The Importance Of Sleep For Exercise Quality And Duration

When clients tell me that they are tired, I always suggest physical activity. That’s because, studies show that exercise can actually help improve the quality of your sleep.  The relationship between exercise and sleep goes the other way, too. The duration of your sleep influences the quality of your exercise.

The decrease in mental focus that comes from poor sleep habits can negatively impact your safety. But, your physical performance can be impacted, as well. A study published in Sports Medicine showed that the time to exhaustion is decreased in sleep deprived individuals. That means, your exercise session could be cut short, negatively impacting any potential performance improvements that you were hoping for.

Research clearly shows negative effects of sleep deprivation for athletes. Overall performance, including reaction time, accuracy, vigor, submaximal strength, and endurance are all compromised. Cognitive functions such as judgment and decision-making also suffer. You need to be fully engaged both mentally and physically to get the most out of your workout, so be sure to get enough zzz’s.

Inadequate Sleep May Slow Muscle Recovery

The importance of sleep is often underestimated. In addition what is mentioned above, inadequate sleep could impact your body’s ability to recovery optimally. Hormones that aid in muscle recovery and bone health are released during sleep, and cutting your time short could slow muscle recovery time. Growth hormone, which  stimulates muscle growth and repair, bone building and fat burning, is released during periods of deep sleep. For that reason, researchers believe that it is getting enough deep sleep that has the most impact on athletic performance.

The Importance of Sleep On Brain Health

If you want to improve your focus, getting adequate sleep might help. Research shows that cognitive performance involving attention, processing and working memory are all sensitive to sleep duration below 7 hours a night. That’s because insufficient sleep interferes with memory, learning, attention and mood.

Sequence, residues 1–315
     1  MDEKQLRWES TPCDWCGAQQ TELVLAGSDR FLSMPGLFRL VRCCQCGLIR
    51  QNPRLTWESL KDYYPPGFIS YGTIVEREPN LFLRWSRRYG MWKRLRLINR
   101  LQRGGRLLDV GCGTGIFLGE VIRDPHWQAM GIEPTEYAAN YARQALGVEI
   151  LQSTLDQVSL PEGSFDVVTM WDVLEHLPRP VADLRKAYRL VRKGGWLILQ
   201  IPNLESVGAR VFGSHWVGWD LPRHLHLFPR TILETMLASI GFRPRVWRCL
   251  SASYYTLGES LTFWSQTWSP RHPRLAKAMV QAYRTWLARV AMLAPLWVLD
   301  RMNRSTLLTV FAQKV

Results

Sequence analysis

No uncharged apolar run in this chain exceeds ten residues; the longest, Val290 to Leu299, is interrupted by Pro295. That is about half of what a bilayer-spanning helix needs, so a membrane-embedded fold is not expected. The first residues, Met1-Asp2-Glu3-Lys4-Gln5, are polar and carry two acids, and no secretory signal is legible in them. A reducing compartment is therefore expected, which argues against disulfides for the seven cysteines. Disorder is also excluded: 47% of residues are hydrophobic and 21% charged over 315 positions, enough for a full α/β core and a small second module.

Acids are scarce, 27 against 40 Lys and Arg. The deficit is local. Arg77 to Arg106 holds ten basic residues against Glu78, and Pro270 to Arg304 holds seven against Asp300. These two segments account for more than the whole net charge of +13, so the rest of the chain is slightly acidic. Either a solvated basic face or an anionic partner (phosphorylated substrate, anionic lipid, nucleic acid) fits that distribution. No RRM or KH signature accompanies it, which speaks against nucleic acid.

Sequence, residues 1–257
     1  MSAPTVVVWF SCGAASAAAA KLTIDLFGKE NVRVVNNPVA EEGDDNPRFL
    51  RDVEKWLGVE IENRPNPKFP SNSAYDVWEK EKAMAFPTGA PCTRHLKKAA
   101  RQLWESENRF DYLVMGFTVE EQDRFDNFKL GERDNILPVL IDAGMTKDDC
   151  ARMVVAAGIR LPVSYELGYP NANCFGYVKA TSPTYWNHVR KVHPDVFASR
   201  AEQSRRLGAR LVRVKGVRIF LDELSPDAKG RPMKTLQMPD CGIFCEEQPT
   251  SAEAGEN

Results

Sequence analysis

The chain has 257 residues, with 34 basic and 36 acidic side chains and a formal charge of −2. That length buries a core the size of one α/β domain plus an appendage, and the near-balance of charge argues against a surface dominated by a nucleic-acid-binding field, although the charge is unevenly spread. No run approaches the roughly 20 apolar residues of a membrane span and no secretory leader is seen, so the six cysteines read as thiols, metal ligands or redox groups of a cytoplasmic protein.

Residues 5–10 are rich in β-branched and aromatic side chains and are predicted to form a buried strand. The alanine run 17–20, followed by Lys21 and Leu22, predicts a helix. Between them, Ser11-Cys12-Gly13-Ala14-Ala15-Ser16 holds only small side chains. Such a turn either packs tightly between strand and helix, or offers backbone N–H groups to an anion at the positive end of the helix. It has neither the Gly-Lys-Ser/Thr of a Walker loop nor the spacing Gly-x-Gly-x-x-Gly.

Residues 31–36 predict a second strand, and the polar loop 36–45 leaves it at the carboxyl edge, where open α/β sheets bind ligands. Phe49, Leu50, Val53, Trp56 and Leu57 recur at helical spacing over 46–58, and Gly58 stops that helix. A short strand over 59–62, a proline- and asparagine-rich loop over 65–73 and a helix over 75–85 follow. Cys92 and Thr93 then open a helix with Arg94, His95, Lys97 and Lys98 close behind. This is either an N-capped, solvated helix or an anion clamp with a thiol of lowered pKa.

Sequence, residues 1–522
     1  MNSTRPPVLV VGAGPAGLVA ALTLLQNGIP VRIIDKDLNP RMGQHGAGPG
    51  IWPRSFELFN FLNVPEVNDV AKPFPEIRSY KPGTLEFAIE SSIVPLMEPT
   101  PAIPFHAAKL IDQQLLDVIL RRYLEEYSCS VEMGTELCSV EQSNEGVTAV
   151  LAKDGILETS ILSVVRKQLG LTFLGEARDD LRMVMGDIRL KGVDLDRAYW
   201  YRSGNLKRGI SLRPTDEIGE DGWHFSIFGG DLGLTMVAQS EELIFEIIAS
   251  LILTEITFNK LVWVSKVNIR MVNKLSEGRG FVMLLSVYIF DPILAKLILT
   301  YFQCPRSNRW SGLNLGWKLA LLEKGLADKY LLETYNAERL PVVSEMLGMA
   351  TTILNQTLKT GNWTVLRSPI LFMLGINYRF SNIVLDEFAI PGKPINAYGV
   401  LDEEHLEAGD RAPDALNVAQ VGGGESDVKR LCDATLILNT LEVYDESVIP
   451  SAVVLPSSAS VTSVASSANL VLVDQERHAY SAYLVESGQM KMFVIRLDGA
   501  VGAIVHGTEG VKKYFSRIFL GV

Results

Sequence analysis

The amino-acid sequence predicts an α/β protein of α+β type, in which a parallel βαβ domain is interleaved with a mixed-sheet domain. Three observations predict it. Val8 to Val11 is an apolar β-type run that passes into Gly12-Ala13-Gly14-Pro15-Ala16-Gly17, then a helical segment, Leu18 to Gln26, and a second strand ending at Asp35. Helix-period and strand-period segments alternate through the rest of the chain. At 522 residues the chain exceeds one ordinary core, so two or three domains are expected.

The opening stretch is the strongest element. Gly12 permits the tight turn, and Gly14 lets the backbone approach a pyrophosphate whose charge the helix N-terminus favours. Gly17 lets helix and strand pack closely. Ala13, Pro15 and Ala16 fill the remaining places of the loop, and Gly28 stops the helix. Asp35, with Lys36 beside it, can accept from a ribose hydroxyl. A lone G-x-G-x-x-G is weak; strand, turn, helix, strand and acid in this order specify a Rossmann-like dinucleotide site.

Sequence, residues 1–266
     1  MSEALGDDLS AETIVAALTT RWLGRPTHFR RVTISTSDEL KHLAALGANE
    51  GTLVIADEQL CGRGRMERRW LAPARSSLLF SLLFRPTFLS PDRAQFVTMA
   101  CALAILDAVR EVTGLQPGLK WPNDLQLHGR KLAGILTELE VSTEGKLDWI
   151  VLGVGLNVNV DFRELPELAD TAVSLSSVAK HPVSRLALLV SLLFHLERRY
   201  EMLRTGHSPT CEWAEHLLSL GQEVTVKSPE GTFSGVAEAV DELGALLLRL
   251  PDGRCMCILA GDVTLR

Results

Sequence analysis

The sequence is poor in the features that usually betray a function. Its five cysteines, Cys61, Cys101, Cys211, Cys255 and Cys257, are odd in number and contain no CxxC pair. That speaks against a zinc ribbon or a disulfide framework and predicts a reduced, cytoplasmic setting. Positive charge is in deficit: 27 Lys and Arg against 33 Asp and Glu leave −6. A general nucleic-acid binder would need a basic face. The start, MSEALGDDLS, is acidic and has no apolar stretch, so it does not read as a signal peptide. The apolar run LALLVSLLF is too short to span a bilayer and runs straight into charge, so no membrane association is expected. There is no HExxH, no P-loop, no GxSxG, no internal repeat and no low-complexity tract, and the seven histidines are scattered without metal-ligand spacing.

The Importance of Sleep For Immune Function And Overall Health

When you don’t get enough sleep, the body triggers the release of adrenaline, cortisol and other stress hormones. Over time, that can lead to the risk of cardiovascular disease. Inadequate sleep also reduces the immune response to infection by reducing cytokine production. It’s also been shown to alter blood glucose and insulin metabolism, increasing the risk of developing diabetes.

Tips To Help You Get More Sleep

Getting more sleep usually isn’t as easy as crawling into bed earlier. You’ll need to adopt some nighttime strategies and practice. Over time, you can train your mind to quiet down and begin to fall asleep easier.

To start with, create a bedtime routine. Determine a reasonable time for you to go to sleep, and stick to it. Going to bed, and waking up, at the same time each night and morning, helps to train your mind to quiet down.

Consider your sleeping arrangements, too. Make sure you have a quality mattress and a pillow that you find comfortable and try to maintain a good temperature in your bedroom. You also want to minimize any light that shines into your room.

If you struggle to fall asleep, try reading a book or trying other relaxation techniques. The National Sleep Foundation has more tips to help you fall, and stay asleep longer.

The importance of sleep shouldn’t be underestimated. If it is not there already, be sure to move sleep to the top of your priority list. If it’s not, it will be more challenging to reach your health and fitness goals.